A while back Quentin Tarantino had a go at the maudlin state of the British film industry and blamed its decline on the fact that all the country’s talent decamps to Hollywood at the first hint of success.
Fair comment, you might think. Trouble is, Tarantino identified the peak from which British film has plummeted as, oh dear, the Carry On movies.
“No-one ever said the Carry On movies were art but they were very funny," he said, no doubt in that inimitable way that everybody always imitates.
As Britons, we’re supposed to pretend that we like the Carry On movies in an ironic, postmodern, tongue-in-cheek way. But really, they are absolute rubbish. All we really like is spending some time with the ensemble cast of National Treasures. Sid James, Joan Sims and Hattie Jacques especially, but above all Kenneth Williams: a man so inherently funny that in theory you could give him the most childish, lame, half-arsed script imaginable and he could still make you laugh. It’s just a pity that the Carry On scriptwriters insisted on subjecting this theory to such rigorous testing.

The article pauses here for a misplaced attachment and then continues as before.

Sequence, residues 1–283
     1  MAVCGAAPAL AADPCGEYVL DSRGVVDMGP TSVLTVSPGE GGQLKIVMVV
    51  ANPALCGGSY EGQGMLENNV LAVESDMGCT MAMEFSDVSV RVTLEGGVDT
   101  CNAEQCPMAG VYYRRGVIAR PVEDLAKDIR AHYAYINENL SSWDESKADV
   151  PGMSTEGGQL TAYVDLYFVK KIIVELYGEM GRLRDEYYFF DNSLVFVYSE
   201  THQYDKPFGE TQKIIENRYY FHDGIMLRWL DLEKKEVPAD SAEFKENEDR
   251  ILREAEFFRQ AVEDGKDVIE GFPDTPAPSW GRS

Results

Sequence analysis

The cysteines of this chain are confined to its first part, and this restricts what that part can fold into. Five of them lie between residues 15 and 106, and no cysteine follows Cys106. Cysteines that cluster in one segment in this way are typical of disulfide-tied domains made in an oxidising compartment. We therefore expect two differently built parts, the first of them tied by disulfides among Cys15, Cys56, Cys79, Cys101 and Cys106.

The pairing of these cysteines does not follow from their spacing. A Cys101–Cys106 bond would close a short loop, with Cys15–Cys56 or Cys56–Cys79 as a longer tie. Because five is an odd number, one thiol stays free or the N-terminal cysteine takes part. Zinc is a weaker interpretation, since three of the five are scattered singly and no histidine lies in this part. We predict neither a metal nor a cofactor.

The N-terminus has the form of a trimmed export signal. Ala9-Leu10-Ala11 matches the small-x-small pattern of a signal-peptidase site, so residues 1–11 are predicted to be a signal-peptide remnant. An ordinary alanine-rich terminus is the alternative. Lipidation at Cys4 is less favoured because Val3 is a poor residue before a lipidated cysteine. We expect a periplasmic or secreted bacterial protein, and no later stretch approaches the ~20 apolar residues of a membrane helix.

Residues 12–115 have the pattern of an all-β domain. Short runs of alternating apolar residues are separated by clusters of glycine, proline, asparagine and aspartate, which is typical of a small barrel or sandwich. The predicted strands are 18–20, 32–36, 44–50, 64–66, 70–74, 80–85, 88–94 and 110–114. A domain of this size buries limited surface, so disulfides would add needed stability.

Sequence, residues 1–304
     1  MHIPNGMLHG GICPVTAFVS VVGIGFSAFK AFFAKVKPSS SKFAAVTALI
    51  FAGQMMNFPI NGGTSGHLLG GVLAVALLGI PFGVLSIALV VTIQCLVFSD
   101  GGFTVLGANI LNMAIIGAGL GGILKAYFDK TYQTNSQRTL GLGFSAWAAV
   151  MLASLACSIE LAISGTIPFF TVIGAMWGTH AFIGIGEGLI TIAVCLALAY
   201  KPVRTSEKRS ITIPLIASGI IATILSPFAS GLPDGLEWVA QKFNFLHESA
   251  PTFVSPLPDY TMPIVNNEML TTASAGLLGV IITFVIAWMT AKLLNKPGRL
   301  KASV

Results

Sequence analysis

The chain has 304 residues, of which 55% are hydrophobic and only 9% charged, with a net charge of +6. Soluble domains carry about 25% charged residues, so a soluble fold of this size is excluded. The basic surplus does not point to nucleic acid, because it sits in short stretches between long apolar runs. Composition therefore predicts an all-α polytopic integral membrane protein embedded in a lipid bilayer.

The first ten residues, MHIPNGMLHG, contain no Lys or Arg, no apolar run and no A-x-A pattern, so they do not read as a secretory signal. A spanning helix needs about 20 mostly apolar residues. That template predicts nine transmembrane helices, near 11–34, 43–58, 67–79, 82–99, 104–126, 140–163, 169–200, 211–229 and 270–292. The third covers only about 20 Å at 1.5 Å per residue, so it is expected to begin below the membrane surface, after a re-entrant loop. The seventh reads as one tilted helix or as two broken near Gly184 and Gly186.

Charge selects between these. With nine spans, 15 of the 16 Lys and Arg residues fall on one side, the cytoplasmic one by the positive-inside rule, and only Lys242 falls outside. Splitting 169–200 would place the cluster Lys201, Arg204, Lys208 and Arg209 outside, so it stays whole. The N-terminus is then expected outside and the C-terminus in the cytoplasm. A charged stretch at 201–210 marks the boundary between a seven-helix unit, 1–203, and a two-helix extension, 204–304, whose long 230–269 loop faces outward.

What you have with the Carry On films is everything that is best about British comic acting, clashing with everything that is worst about British comic writing.
However, the law of monkey-typewriter averages alone states that somewhere in the 29-film series there would be one good scene. Tying in nicely with the Empire and understatement themes below, it appears at the end of Carry On Up the Khyber, and this is it: